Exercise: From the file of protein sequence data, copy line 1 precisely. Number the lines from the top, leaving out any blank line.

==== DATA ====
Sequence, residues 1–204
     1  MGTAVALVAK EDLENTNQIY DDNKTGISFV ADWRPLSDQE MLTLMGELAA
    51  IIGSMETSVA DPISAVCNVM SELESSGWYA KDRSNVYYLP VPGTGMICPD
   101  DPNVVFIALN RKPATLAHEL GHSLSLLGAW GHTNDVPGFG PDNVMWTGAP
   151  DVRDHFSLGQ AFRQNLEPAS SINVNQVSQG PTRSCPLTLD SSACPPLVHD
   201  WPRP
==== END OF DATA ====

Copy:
Sequence, residues 1–204